The essential first step in problem solving is acknowledging the problem. So what hope is there for incompetent designers who don’t believe there is a problem?


Why does poor sign design predominate?


When, out of curiosity, I took some graphic design courses at a small community college, I learned that graphic design was not being taught, at least not at this school. The course work did not include information on what constitutes good or effective layout. Even the most basic of design principles was not covered. Could poor schooling be a partial explanation for why poor design predominates in the sign industry today?

So, what were they teaching in the design courses at this college, if not design?

The graphic design courses in this school teach students to use design software, nothing more. Rather than teaching design, they are teaching the use of the tools to produce design—primarily Adobe Illustrator and Photoshop. The use of the tools is important, of course. But rather than labeling these courses Graphic Design I, II and III, would it not have been better to call them, Adobe I, II and III? At the time, I joked to someone that this was like being told you were going to receive electrician’s training and then being taught to use screw drivers. An unfair comparison?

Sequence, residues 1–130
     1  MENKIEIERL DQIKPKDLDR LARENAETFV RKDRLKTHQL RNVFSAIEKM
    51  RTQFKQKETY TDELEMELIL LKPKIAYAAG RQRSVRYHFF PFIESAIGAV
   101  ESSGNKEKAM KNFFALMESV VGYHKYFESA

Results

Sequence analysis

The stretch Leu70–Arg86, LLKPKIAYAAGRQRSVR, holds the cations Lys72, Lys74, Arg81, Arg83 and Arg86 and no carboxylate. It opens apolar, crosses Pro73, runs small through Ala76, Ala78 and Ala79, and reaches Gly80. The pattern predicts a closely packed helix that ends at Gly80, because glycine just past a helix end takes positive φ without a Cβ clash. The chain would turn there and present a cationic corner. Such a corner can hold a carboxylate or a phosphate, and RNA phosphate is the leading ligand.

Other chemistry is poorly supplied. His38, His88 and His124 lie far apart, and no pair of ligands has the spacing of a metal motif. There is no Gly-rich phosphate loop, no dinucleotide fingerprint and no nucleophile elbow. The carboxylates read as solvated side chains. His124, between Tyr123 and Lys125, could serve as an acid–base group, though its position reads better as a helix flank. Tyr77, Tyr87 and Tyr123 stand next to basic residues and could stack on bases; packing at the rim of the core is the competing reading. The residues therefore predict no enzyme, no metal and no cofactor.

Surely my experience with college graphic design courses is not representative of all graphics arts training, and is the exception rather than the rule. Perhaps size matters, since the school was a small college. But if my experience is a common scenario—that graphic design training is only about learning software manipulation—it helps explain why so many sign designers today lack skills needed for producing effective sign work. Poor training could be playing a big role in the dumbing down of sign design.